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Friday, January 14, 2011

ID theorist Mike Behe tries to keep Darwinist Jerry Coyne focused

Mike Behe
Society must, after all, continue the fight against ADD (attention deficit Darwinism):
Try as one might to keep Darwinists focused on the data, some can't help reverting to their favorite trope: questioning Darwinism simply must be based on religion. Unfortunately Professor Coyne succumbs to this. Introducing his blog post he writes:
What role does the appearance of new genes, versus simple changes in old ones, play in evolution? There are two reasons why this question has recently become important.... The first involves a scientific controversy.... The second controversy is religious. Some advocates of intelligent design (ID)--most notably Michael Behe in a recent paper--have implied not only that evolved new genes or new genetic "elements" (e.g., regulatory sequences) aren't important in evolution, but that they play almost no role at all, especially compared to mutations that simply inactivate genes or make small changes, like single nucleotide substitutions, in existing genes. This is based on the religiously-motivated "theory" of ID, which maintains that new genetic information cannot arise by natural selection, but must installed [sic] in our genome by a magic poof from Jebus. [sic]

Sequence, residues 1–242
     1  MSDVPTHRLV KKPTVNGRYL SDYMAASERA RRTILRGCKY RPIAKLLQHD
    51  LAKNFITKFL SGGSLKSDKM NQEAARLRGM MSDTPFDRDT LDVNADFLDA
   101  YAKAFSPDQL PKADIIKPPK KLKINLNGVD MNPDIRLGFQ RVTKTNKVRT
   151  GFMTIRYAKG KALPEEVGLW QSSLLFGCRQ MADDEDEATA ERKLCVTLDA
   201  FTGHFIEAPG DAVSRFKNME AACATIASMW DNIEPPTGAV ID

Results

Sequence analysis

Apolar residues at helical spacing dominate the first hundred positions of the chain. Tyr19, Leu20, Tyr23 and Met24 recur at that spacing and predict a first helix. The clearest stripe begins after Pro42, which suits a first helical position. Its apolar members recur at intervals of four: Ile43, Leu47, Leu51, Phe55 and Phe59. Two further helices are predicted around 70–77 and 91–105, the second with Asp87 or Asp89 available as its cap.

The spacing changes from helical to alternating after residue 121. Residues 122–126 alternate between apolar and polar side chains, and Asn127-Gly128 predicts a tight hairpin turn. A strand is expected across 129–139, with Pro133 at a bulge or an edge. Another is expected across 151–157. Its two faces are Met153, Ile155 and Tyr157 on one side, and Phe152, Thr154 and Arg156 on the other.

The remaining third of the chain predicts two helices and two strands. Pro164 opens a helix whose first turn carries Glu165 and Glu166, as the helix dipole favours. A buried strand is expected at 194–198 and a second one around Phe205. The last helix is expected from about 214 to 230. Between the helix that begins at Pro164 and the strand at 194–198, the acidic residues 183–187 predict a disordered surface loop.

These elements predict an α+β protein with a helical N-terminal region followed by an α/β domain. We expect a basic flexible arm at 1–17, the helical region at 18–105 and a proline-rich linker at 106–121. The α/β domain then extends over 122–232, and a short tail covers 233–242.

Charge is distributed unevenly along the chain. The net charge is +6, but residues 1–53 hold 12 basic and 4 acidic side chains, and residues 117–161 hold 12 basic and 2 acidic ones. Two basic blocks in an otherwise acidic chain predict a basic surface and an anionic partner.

Jerry Coyne

Anyone who reads the paper, however, knows my conclusions were based on the reviewed experiments of many labs over decades. Even Coyne knows this. In the very next sentence he writes, inconsistently, "I've criticized Behe's conclusions, which are based on laboratory studies of bacteria and viruses that virtually eliminated the possibility of seeing new genes arise, but I don't want to reiterate my arguments here." Yet if my conclusions are based on "laboratory studies," then they ain't "religious," even if Coyne disagrees with them.
Professor Coyne is so upset, he imagines things that aren't in the paper. (They are "implied," you see.)
For more, go here.

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